Report of the Meeting on March 19th 2019
Reacting To Gender Transition
John Tooms and his son Al were introduced by Hobbs Bashir, who paid tribute to his police colleague John’s friendship and invaluable support at a difficult time in Hobbs’ life. John described his early life in a Baptist church in Market Harborough, and his subsequent career in Dumfries and eventually Wolverhampton, as still a loyal Baptist. In his own family there are a number of LGBT people, and from the age of 12 Alice, the elder of his two daughters found herself being attracted to other girls and women. At 17 Al was baptised in the local Baptist church and used to occasion to announce in her testimony that she was gay and moreover intended to begin gender transition to being male. During the next few years Alice became Alec, though handily known throughout as ‘Al’. University, studying English Literature and Religion and Ethics, was a great place to be accepted for who s/he was and to begin to find the words he needed to explain to himself and others what was happening.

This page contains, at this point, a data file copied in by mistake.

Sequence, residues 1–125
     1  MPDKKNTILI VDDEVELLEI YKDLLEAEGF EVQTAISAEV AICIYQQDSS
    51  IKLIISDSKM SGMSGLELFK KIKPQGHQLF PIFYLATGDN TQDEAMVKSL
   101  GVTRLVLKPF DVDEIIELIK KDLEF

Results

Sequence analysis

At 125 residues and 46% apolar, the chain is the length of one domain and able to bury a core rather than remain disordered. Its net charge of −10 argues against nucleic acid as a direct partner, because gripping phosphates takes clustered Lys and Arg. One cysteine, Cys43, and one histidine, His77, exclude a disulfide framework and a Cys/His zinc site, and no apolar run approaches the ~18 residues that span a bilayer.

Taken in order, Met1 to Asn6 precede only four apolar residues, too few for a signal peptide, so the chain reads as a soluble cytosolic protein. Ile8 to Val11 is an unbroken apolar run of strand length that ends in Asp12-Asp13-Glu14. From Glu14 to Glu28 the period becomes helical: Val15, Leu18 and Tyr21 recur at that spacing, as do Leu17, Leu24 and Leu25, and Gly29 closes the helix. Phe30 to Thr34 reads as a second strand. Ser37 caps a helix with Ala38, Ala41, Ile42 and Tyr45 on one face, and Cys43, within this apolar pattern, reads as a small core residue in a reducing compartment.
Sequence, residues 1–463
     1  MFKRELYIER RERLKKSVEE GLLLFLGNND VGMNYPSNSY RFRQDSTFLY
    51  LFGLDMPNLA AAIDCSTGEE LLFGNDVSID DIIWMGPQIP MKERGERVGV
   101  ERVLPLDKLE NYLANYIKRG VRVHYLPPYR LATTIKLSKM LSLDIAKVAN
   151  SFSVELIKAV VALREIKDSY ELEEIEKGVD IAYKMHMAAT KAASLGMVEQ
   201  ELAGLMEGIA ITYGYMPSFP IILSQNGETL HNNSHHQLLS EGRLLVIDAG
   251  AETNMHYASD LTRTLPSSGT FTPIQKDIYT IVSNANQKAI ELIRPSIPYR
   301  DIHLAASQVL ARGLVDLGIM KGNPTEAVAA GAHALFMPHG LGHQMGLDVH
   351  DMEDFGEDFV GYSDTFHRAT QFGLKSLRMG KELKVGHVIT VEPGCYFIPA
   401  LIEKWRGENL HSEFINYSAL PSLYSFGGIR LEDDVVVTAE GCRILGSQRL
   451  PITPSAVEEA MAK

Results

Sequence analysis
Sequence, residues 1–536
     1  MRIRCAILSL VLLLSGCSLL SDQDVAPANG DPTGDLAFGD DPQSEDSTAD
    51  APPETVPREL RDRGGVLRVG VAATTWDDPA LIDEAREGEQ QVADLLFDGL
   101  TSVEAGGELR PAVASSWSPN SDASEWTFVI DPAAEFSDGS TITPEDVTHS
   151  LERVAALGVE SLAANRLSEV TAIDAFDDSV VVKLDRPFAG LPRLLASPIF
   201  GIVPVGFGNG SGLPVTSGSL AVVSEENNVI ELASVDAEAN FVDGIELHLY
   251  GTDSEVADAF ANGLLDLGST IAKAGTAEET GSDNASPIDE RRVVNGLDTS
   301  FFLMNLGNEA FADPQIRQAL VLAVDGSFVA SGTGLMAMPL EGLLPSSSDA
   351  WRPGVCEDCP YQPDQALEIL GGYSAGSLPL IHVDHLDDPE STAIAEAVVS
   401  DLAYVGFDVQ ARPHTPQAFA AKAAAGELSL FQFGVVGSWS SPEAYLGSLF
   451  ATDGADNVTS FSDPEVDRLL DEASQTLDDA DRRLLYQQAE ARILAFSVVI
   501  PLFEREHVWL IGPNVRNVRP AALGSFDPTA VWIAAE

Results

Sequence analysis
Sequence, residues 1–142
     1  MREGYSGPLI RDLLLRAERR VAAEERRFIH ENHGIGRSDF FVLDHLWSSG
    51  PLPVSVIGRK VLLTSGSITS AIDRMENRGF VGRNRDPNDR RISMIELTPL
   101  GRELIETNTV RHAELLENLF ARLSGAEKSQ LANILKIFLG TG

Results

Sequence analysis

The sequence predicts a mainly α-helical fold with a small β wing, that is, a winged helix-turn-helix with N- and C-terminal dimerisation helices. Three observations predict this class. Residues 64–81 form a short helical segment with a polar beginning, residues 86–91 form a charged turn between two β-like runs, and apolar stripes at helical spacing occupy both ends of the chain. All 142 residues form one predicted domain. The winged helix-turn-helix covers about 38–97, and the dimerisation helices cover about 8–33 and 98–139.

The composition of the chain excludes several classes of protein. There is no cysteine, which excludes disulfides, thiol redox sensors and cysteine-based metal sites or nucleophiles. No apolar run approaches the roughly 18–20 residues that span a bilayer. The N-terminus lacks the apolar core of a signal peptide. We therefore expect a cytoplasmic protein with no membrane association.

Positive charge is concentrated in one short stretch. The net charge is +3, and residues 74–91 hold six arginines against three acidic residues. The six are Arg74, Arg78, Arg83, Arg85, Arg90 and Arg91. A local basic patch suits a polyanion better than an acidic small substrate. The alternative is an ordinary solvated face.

Christian friends, however, were not uniformly supportive. At their home church John and Al’s Baptist minister accepted Al’s gay orientation, but Christian friends from whom John and his wife expected understanding and support were loudly hostile. Church meetings on the subject became very uncomfortable and comments on the lines of ‘love the sinner, hate the sin’ increasingly unacceptable. After a time they left that church and began to look for inclusive Christian communities. Al found acceptance in the on-line Diverse Church organised by Sally Hitchen for 18 – 30 year olds, now added to with a parents’ section. John praised people like Steve Chalke and Vicky Beeching for having the courage to come out publicly with support for gay people despite the negative reactions of their church tradition.
We had a rich time of question and discussion. Al was asked if, being now male, he was still gay, and he said No, but he found that in his work as a social worker his personal history was a gift not a handicap. John quoted the words of Martin Luther King, from a different controversy: ‘You won’t remember the words of your enemy, but you will remember the silence of your friends.’ Happily Al and his family have found great support, not least from Al’s young sister Rebecca. No-one, they emphasized, would choose to go through the long hassle of being gay or undergoing gender transition lightly. It is a long and costly business which demands understanding and love before any judgement is made.